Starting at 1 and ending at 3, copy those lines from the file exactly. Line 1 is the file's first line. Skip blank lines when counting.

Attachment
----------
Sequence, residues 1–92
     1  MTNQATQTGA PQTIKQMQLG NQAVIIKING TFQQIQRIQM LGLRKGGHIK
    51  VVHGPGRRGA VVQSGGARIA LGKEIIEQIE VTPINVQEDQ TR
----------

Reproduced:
Sequence, residues 1–92
     1  MTNQATQTGA PQTIKQMQLG NQAVIIKING TFQQIQRIQM LGLRKGGHIK
    51  VVHGPGRRGA VVQSGGARIA LGKEIIEQIE VTPINVQEDQ TR